The only exception is the narrow one which arises in a prosecution for perjury. See United States v. Apfelbaum, 445 U.S. 115, 100 S. Ct. 948, 63 L. Ed. 2d 250 (1980)
Of course, where the court compels the witness to answer the questions, as actually occurred here, the Fifth Amendment itself clearly proscribes use of the compelled testimony against the witness. Adams v. Maryland, 347 U.S. 179, 181, 74 S. Ct. 442, 444, 98 L. Ed. 608 (1954). See note 13 infra
In United States v. Kuehn, 562 F.2d 427 (7th Cir. 1977), a witness who had given immunized testimony before a federal grand jury repeated that testimony to someone he knew was a reporter. The court ruled that the testimony to the reporter could be used against the witness in a criminal prosecution because the "testimony could not have been derived from (the) immunized grand jury testimony." 562 F.2d at 432. Two factors distinguish Kuehn from the case at bar. First, Kuehn voluntarily spoke to the reporter, whereas Fleischacker was compelled to answer the deposition questions. Second, the reporter apparently had not read the grand jury transcript, whereas the deposing party in this case based his questions on that immunized testimony
The Fifth Circuit recognized that § 6002 allows district courts to determine whether evidence is "derived" but, relying on Kastigar v. United States, supra, held that such a determination may only be made where the immunized witness is subsequently prosecuted. The court reasoned that, "(s) ince the Government must bear the burden of proof on the issue of 'taint,' it follows that the issue was not properly raised in the present case, where the Government is not even a party." 620 F.2d at 1093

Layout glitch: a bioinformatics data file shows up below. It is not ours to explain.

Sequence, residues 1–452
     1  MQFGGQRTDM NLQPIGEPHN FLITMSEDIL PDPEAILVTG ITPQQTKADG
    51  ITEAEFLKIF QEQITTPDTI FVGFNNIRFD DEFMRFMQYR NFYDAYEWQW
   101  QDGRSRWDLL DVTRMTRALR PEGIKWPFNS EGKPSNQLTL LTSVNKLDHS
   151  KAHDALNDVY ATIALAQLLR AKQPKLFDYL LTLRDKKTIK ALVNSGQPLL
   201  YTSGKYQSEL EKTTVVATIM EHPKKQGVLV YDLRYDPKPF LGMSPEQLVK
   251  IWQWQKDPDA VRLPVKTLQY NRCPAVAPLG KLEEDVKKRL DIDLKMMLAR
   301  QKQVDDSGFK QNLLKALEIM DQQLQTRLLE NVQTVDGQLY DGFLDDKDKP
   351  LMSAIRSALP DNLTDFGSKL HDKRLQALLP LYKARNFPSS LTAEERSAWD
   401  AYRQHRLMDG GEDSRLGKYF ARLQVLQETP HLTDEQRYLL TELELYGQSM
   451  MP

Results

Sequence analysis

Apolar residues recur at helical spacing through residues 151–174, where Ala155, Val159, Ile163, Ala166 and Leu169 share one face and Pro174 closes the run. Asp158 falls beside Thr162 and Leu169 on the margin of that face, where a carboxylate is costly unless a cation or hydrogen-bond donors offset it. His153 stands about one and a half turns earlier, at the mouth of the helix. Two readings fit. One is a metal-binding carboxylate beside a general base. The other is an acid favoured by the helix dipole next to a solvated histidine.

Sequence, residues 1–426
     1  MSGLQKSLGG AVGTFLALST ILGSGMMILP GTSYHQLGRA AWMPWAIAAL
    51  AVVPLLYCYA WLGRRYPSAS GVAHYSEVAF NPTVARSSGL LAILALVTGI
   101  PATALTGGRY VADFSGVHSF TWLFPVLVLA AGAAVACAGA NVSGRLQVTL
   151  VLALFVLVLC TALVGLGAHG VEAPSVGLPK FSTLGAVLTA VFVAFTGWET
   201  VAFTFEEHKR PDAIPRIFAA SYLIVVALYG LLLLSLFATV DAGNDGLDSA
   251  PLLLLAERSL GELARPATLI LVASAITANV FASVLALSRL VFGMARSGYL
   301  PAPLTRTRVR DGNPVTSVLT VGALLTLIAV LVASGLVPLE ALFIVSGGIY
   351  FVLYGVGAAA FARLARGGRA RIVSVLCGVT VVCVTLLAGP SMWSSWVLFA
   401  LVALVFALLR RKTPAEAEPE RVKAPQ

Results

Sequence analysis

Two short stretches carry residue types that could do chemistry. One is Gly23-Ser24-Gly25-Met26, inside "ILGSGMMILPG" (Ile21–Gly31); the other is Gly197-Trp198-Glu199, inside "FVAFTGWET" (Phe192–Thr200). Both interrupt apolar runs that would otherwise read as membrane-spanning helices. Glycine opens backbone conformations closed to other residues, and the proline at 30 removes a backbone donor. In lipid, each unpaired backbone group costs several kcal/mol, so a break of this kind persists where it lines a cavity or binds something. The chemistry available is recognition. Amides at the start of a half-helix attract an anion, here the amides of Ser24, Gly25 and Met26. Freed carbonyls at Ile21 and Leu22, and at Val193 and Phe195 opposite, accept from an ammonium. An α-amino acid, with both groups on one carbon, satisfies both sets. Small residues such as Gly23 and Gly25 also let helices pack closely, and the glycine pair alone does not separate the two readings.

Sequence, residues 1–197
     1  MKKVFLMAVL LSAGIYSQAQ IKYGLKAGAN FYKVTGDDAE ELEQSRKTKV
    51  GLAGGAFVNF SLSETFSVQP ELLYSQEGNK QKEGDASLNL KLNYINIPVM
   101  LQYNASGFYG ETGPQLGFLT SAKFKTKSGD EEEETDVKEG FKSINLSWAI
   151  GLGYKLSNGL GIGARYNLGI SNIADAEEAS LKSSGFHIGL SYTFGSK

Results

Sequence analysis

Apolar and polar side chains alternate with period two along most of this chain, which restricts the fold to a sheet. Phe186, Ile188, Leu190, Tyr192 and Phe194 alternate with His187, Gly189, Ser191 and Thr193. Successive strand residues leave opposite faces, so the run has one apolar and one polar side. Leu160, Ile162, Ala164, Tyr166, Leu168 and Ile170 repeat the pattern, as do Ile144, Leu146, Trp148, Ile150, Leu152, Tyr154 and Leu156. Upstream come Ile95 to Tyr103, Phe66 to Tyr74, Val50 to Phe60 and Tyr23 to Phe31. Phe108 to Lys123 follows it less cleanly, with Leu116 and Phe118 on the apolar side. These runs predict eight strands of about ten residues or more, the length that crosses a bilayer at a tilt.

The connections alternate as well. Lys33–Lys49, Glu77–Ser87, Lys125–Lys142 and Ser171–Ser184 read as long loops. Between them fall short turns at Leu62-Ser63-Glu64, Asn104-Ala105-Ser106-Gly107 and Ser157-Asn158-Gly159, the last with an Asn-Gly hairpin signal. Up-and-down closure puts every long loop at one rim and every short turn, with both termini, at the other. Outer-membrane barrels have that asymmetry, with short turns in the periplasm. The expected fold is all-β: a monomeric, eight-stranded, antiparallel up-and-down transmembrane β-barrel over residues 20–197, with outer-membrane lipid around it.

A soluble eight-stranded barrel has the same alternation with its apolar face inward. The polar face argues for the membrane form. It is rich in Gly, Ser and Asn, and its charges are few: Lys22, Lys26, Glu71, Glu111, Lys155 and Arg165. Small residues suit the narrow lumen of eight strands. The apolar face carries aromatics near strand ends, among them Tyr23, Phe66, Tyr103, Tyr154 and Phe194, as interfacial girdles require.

Immunity is a creature of statute and as such can be conferred only in a manner consistent with its legislative design. United States v. Bryan, 339 U.S. 323, 70 S. Ct. 724, 94 L. Ed. 884 (1950). Section 6003 empowers the executive branch of the government to confer immunity upon a witness to compel testimony over an assertion of privilege; courts cannot confer immunity upon a witness on their own initiative. In re Daley, 549 F.2d 469, 479 (7th Cir.), cert. denied, 434 U.S. 829, 98 S. Ct. 110, 54 L. Ed. 2d 89 (1977). The discretion is placed in the executive branch, not in the judiciary. Ullman v. United States, 350 U.S. 422, 432, 76 S. Ct. 497, 503, 100 L. Ed. 511 (1956); In re Daley, supra, 549 F.2d at 478-79. Nevertheless, where a "district court errs in making a ruling on privilege an after-the-fact exclusionary rule will apply to prevent the introduction of that evidence against the witness." In re Folding Carton Anti-Trust Litigation, 609 F.2d 867, 872 n.11 (7th Cir. 1979). Thus, the operation of the exclusionary rule results in a de facto grant of immunity. But "this exclusionary rule is solely remedial and cannot be used as a rationale to support a judicial decision which contravenes the fifth amendment's protection." Id. at 872 n.11. Though the protection afforded a witness by de facto immunity grants necessarily must be coextensive with grants of immunity obtained under the immunity statute, conferral of de facto immunity is nevertheless unauthorized